Out-of-whack microbes in the vagina can raise HIV risk — and now there’s evidence that the makeup of the penis microbiome matters, too. The greater the number of anaerobic bacteria tucked under the foreskin, the more likely an uncircumcised man is to become infected with the virus, researchers report July 25 in mBio.
“This mirrors what’s been seen in women, but it’s the first study of...
On September 9 of last year, in the middle of the morning, seismometers began lighting up around East Asia. From South Korea to Russia to Japan, geophysical instruments recorded squiggles as seismic waves passed through and shook the ground. It looked as if an earthquake with a magnitude of 5.2 had just happened. But the ground shaking had originated at North Korea’s nuclear weapons test site...
Scientists pour a lot of brainpower into understanding how their experimental equipment works.
You don’t want to be fooled into thinking you’ve made a great discovery because of some quirk in the apparatus you didn’t know about. Just the other day, a new paper published online suggested that the instruments used to detect gravitational waves exhibited such a quirk, tricking scientists...
Reviews & Previews
Making ContactSarah ScolesPegasus Books, $27.95
In Carl Sagan’s 1985 sci-fi novel Contact, a radio astronomer battles naysayers and funding setbacks to persist in her audacious plan — scanning the skies for signals from aliens. Sagan had real-life inspiration for his book (and the 1997 movie of the same name): astronomer Jill Tarter, who spearheaded the search for extraterrestrial...
Big, rogue planets — ones without parent stars — are rare.
A new census of free-floating Jupiter-mass planets determined that these worlds are a tenth as common as previous estimates suggested. The results appear online July 24 in Nature.
Planets can go rogue in two ways: They can get kicked out of their parent planetary systems or form when a ball of gas and dust collapses (SN: 4/...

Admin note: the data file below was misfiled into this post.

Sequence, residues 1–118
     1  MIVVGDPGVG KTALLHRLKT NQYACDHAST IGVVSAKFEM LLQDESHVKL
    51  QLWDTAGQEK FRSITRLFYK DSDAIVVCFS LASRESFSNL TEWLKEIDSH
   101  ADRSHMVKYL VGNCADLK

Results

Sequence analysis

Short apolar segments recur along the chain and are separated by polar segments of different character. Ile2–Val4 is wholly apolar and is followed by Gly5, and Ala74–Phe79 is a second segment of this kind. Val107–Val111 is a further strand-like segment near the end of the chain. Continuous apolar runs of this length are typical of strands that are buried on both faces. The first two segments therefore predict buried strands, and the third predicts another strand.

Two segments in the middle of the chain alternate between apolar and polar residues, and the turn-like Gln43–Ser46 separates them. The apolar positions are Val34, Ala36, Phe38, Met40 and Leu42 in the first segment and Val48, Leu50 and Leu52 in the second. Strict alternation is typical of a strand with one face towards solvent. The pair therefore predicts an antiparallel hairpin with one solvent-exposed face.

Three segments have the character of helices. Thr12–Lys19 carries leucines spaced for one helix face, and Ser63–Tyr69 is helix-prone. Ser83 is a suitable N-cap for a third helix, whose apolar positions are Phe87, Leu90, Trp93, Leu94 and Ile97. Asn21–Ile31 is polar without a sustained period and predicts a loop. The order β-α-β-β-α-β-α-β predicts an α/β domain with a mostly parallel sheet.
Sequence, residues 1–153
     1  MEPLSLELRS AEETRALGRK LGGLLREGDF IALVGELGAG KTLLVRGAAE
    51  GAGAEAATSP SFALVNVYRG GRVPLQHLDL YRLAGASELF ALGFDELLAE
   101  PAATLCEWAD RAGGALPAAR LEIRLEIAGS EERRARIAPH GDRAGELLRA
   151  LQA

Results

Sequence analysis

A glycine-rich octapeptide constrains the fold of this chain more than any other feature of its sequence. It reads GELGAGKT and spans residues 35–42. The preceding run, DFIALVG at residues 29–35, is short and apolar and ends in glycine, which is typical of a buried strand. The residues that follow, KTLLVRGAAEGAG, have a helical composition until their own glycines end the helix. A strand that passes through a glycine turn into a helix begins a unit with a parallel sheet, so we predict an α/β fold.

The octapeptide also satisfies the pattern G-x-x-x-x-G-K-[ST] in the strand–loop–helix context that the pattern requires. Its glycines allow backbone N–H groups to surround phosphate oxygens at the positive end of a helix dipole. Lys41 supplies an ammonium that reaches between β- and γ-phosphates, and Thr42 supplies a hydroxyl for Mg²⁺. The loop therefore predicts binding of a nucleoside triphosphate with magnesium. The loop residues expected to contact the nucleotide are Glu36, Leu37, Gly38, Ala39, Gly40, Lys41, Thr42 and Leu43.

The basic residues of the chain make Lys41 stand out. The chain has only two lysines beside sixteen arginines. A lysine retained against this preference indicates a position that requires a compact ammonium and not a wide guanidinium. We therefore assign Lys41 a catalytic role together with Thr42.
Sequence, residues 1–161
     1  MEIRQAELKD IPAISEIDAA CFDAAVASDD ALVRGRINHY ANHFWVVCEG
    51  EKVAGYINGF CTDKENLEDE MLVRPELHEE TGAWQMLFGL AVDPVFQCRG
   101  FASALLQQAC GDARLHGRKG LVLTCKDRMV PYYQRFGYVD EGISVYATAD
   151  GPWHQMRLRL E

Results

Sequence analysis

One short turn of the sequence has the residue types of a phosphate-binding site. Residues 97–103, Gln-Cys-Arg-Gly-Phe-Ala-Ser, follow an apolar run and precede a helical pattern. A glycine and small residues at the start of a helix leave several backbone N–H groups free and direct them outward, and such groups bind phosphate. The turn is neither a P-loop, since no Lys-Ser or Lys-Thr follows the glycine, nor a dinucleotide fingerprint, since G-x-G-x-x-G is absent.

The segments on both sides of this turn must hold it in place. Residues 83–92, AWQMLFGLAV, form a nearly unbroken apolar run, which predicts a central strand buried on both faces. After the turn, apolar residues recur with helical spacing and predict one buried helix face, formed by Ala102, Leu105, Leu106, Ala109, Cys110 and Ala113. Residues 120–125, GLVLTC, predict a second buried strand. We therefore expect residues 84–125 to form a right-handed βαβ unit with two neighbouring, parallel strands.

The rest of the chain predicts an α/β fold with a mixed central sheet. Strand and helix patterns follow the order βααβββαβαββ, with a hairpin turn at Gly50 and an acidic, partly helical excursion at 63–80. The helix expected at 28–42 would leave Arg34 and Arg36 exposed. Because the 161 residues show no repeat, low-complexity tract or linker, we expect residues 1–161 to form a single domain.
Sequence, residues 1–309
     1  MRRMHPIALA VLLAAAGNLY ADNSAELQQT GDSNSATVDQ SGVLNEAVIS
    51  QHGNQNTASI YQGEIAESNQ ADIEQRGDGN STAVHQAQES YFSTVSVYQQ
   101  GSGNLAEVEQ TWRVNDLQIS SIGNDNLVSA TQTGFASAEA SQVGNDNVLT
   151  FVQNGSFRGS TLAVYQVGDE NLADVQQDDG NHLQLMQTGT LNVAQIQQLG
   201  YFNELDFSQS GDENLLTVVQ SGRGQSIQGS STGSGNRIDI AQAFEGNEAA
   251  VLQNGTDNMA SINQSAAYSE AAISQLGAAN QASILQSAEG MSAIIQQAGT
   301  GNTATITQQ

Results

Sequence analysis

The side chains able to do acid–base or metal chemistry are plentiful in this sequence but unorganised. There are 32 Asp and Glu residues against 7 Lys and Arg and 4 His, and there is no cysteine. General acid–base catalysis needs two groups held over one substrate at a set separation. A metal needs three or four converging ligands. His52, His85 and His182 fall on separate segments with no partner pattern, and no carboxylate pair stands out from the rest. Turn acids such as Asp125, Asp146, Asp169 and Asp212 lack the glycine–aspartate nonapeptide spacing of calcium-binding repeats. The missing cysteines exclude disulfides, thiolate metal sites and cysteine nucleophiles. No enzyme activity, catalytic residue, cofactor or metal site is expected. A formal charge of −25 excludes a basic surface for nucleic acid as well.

Walls can’t talk, but scientists can now read stories written in their subatomic particles. And that could make it harder to store radioactive material in secret.
Nuclear radiation rearranges the electrons in insulators such as brick, glass and porcelain. So comparing the positions of electrons in atoms at different spots on walls, windows and floors could provide a rough snapshot of...
Reviews & Previews
The Oxford Illustrated History of ScienceIwan Rhys Morus, ed.Oxford Univ., $39.95
Books about the history of science, like many other histories, must contend with the realization that others have come before. Their tales have already been told. So such a book is worth reading, or buying, only if it offers something more than the same old stories.
In this case, The Oxford...
When faced with rushing floodwaters, fire ants are known to build two types of structures. A quickly formed raft lets the insects float to safety. And once they find a branch or tree to hold on to, the ants might form a tower up to 30 ants high, with eggs, brood and queen tucked safely inside. Neither structure requires a set of plans or a foreman ant leading the construction...
Synestia\sin-es-ti-ə \ n.07/21/2017 - 09:00 Planetary Science
A large spinning hunk of hot, vaporized rock that forms when rocky, planet-sized objects collide
Earth may have taken on a jelly doughnut shape early in its history. The rocky planet was spinning through space about 4.5 billion years ago when it smacked into a Mars-sized hunk of rotating rock called Theia, according to one theory (SN: 4/15/17, p. 18). That hit...
When my younger daughter was around 6 months old, we gave her mashed up prune. She grimaced and shivered a little, appearing to be absolutely disgusted. But then she grunted and reached for more.
Most babies are ready for solid food around 6 months of age, and feeding them can be fun. One of the more entertaining approaches does not involve a spoon. Called baby-led weaning, it involves...